Friday, December 18, 2009

If You’re Planning to Attend the January 9th Meeting of the Jamestowne Society’s First California Company,…

… you’re in for a real treat. You’ll be hearing from (in my opinion) the world’s most informed early American colonial and Jamestown scholar, Dr. Karen Ordahl Kupperman.

Her 2007 book, The Jamestown Project, is the most illuminating and comprehensive chronicle of the first seventeen years of the first permanent English colony in America; probably the best of the spate of early Jamestown accounts that came out of its Quatercentenary. She cogently and compellingly presents the many factors and reasons for England’s determination to set it as a foothold for its New World presence. She tells you how it became the model for all English colonial efforts that commenced with the 1620 landing of the Pilgrims at Plymouth and the foundation for the legendary British Empire that came about in the following century and a half.

She relates the many archeological and archival findings of the past decade that dismiss with authority the myths of the so-called failure of Jamestown. She goes on to catalog the valiant efforts and determination of its settlers in the face of the mismanagement, overwrought optimism and unrealistic expectations of its aristocratic backers, who failed the many common person “adventurers” who, as either small investors or Ancient Planters who ventured their lives and persons, received little to no support in furthering the dangerous and exasperating venture.

Two major features of The Jamestown Project are the underlying threads of the intercultural clashes of Native Americans with the first wave of what became one of history’s major mass human migrations, and the context for those clashes in the extraordinary environmental stresses of the worst droughts in seven centuries of North American history and the Little Ice Age, when the James River froze over (as did the Thames in London). Both contributed the inability of the settlers and natives alike to provide themselves with adequate food supplies.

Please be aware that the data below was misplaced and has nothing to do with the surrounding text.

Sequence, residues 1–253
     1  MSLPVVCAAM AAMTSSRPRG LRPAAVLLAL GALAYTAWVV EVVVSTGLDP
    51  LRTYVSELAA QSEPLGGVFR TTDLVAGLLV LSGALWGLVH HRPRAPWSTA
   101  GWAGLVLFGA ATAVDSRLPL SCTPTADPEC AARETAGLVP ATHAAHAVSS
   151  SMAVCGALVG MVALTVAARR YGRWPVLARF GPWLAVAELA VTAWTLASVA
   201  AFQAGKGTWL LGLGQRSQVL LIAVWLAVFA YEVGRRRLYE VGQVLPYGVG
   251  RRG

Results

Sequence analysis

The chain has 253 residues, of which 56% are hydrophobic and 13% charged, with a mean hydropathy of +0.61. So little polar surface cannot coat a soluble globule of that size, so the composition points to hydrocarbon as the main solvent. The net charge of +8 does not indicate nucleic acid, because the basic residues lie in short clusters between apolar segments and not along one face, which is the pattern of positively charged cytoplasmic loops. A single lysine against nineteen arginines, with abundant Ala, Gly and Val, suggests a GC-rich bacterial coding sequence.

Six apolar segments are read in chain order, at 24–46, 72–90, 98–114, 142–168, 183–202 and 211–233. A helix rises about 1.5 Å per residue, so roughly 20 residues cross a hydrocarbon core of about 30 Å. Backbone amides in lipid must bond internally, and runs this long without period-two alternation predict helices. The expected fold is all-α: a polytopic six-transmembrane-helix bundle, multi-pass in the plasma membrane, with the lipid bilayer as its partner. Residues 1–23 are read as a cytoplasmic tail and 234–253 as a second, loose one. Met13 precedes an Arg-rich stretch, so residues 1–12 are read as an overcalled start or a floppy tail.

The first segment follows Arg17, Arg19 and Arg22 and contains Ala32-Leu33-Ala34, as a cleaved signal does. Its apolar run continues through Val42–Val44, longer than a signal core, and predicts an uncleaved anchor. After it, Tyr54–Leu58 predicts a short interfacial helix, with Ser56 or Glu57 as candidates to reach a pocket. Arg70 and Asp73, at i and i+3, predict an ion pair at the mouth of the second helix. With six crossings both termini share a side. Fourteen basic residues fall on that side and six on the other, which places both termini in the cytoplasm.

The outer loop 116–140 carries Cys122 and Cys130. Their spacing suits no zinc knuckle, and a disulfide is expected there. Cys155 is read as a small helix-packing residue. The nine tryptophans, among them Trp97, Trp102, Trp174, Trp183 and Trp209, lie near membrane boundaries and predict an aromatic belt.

Finally, she relates John Smith’s role in shaping not only Jamestown’s survival for the short time he was there, but prescribing the formula for the success of all future British colonies that began with New England (the name that he “…coined…[as] one of the great propaganda strokes of American history.”)

While the order period to get copies of The Jamestown Project at the event has expired, there are a few days to make reservations for this once-in-a-lifetime program (First California Company is accepting reservations until 12/29); go to http://www.jamestownecalifornia.org/jan2010.php

1 comment:

finefettle said...

I wish I could join you and the Jamestowne brethren, it sounds fantastic. Please post a recap of the event!

-- Jenn and Chris Corbin